Poor Salomon, the Finish guy staying by himself in that room, actually saw someone come into the room in the middle of the night and sat up to say hi. The person withdrew from the room, and as he had gotten used to new people arriving in the middle of the night – the disadvantage of staying in a hostel – Salomon went back to sleep. Wakening up the next morning he realised something was wrong as he couldn't find his watch that originally was right next to his bed, at perhaps 20 centimetres. So at some point between 2.30 am and 6 am, someone broke into the apartment but without the doors showing any signs of break-in. And it had been so dark in Salomon's room that he can only say that he saw someone that he thinks was a man.
He lost about 600 EUR in cash as he had just withdrawn cash to pay for the accommodation, his watch, mobile phone, credit card, 2 pairs of trousers, small backpack, a pair of sunglasses. All while he was sleeping at maximum half a meter from all these things and he did not hear a noise at this point. Poor guy. Luckily for him, he had his passport and a debit card elsewhere and managed to, once the chock having passed, to continue travelling around Cuba as planned.
For a while though, it looked like the worst would be for the casa owners. We did not first understand their worry. Ok, they were feeling sorry for the loss of Salomon as they felt responsible for the break-in, although there are 3 doors to get into the apartment, plus that you can lock your bedroom door. And they seemed also to worry about the risk for their rating at hostelbookers as they were at that time the casa rated as number 1 in Havana.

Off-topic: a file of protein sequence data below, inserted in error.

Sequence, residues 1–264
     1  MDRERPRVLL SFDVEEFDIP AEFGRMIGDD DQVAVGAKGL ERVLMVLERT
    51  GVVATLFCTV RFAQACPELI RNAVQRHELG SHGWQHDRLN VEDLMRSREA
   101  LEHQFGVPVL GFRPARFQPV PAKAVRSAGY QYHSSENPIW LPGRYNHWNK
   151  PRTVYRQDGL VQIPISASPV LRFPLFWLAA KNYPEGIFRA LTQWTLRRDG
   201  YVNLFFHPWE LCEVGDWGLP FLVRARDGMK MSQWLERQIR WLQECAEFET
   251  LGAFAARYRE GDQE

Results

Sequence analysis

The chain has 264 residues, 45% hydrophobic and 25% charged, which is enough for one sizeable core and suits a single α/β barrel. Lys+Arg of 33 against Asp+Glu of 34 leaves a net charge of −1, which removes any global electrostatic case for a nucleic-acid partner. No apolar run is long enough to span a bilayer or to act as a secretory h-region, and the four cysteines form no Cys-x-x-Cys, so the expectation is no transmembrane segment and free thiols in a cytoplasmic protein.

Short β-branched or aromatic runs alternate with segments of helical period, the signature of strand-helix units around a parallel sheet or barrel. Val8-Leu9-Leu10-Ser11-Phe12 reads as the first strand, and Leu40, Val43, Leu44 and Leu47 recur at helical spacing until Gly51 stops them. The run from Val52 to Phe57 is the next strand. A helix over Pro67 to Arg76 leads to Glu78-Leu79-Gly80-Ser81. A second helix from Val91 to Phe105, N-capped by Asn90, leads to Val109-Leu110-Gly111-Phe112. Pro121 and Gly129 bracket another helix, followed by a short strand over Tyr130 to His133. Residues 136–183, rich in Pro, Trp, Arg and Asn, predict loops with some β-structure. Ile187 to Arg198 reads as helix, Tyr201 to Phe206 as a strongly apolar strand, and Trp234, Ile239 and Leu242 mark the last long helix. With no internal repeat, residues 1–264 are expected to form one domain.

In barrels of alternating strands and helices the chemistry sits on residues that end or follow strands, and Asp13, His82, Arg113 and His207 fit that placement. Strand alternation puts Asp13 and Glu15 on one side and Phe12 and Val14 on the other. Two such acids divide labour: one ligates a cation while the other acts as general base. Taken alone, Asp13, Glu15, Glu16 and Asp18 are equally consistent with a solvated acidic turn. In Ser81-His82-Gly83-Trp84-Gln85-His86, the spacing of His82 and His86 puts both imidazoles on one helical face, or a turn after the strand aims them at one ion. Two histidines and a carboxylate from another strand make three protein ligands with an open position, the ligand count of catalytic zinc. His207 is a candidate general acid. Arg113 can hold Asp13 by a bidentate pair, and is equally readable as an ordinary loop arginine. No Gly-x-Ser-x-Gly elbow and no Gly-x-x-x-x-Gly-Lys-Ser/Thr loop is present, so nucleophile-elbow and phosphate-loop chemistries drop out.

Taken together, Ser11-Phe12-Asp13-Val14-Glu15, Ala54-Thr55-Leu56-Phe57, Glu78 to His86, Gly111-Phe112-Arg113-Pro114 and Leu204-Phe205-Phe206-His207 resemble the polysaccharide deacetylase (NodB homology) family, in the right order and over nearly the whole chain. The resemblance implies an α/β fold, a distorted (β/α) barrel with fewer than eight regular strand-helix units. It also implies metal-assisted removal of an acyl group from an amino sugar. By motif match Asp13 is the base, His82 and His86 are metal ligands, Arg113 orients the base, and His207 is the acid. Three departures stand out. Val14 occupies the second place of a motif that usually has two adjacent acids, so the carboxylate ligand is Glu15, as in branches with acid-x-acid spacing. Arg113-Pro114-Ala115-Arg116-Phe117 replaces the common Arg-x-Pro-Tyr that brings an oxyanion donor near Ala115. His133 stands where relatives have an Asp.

However, only later that same day did I understand their real worry as it was relieved that the woman of the casa, the nice and lovely Ania, had been kept for two hours of interrogation at the police station when she went to report the crime, being threatened with prison. And you should know that stealing from a tourist can give up to 20 years in prison in Cuba! Hence the normally low risk as a tourist in Cuba as you walk the streets without too much worry from that point of view.
So it was a very dramatic start to the week. It seems that Salomon will get most of his things covered by the travel insurance except for part of the money, and the police stopped harassing the casa owners as the only proof they had against them was that they have access to the apartment. Ironically, they never even asked the other people in the apartment at that time. There were 5 of us - Salomon, me, a girl and a guy from the UK, and a South Korean guy – and the police never asked us anything nor wanted to check through our things... And that South Korean guy did take off the same morning.
In reaction to what happened, the security of the casa has now increased even further as they have added a second metal door to the apartment and are asking everyone to make sure to lock all doors when leaving or for the night, and there is always one of them staying up until the last person is back making sure that the doors are locked. The problem with a hostel is, of course, the other travellers, so although I made sure to lock the bedroom door last night as I went to sleep last, this morning when I woke up, not only was it not locked, but wide open as the two UK persons staying here as usual do not seem to care that much about safety. But oh well, my big bag is always locked, my money belt on me, and my handbag with the few valuable things, right next to me. That are all the precautions I can take and at least this way, if another break-in happens at any point anywhere, I might loose my things, but at least I won't have to beat myself up over it.